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August 18, 2010
By Jane Tors
U.S. News and World Report issued its annual “best colleges” rankings Tuesday, and significant changes in their presentation and methodology this year resulted in a strong ranking for the University of Nevada, Reno. In the 2011 rankings of “best national universities,” the University ranks as a first tier school at number 191.
For its annual rankings U.S. News surveyed 1,472 universities and colleges. The publication reports that about 90 percent participated and provided the requested data and, of those, 262 are listed as “best national universities” for 2011.
“Being named to the top tier reflects the quality of what we offer, the students we attract, the quality of our faculty and the graduates we produce,” said University President Milt Glick. “We have been ranked as a ‘best national university’ for many years, and it is rewarding to now be noted in the top tier.”
This year’s rankings fall into two tiers rather than four tiers as they did in previous years, and U.S. News also included gave a numeric ranking to a greater number of colleges and universities. These changes resulted in the University of Nevada receiving its first numeric ranking from U.S. News.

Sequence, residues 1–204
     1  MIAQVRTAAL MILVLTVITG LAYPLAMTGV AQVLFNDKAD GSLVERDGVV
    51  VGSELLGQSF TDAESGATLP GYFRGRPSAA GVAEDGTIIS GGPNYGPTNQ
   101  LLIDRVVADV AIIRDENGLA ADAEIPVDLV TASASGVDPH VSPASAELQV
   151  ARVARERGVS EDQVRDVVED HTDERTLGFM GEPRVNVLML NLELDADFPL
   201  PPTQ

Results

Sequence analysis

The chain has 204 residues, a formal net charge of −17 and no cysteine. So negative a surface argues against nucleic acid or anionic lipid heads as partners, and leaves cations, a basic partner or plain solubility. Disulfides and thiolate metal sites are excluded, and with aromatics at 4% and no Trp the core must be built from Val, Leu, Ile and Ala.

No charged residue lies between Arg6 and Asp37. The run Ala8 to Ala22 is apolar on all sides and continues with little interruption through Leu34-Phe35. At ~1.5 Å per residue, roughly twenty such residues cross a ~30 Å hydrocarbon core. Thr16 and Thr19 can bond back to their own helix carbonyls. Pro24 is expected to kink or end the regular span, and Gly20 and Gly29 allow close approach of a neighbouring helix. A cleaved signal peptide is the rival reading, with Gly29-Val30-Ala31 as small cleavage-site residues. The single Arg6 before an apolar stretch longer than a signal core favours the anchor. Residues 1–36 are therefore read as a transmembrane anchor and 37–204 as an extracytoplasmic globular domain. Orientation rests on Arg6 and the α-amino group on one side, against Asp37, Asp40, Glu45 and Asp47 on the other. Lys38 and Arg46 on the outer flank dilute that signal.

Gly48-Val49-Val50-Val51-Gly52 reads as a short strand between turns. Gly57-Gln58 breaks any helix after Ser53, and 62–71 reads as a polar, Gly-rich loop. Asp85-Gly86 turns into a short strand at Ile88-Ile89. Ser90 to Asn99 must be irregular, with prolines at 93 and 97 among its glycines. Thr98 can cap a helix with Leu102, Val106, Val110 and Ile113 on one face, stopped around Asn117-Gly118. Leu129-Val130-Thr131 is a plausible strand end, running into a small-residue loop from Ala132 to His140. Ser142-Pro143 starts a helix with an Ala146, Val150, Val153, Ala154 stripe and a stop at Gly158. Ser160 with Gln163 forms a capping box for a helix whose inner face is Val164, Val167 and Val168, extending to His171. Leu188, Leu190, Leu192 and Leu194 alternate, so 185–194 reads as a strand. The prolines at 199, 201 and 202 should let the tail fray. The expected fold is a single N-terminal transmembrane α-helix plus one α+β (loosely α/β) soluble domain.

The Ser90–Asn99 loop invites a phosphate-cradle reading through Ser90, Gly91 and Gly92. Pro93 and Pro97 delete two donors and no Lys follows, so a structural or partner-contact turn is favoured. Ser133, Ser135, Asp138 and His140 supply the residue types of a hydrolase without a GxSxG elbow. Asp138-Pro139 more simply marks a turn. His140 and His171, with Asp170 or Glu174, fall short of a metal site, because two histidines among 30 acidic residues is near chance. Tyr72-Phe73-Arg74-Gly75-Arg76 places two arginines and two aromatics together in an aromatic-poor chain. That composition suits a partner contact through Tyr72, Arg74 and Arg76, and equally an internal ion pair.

The categories this year also include “Most Debt/Least Debt” rankings, and the University of Nevada, Reno made the “least debt” list at #22.
A key component to the U.S. News methodology is a reputation survey that is completed by university presidents, provosts and admission officers. In prior years the reputation survey accounted for 25 percent of the total overall score for each university. This year the reputation survey accounted for 22.5 percent. Those surveyed now also include high school counselors from top-ranked high schools. While the reputation survey is weighted less, graduation rate performance is more heavily weighted this year. The U.S. News methodology for determining graduation rate incorporates a lag of several years and, because of this, recent gains by the University of Nevada are not reflected in the 2011 results.
The 2011 rankings are available at U.S. News.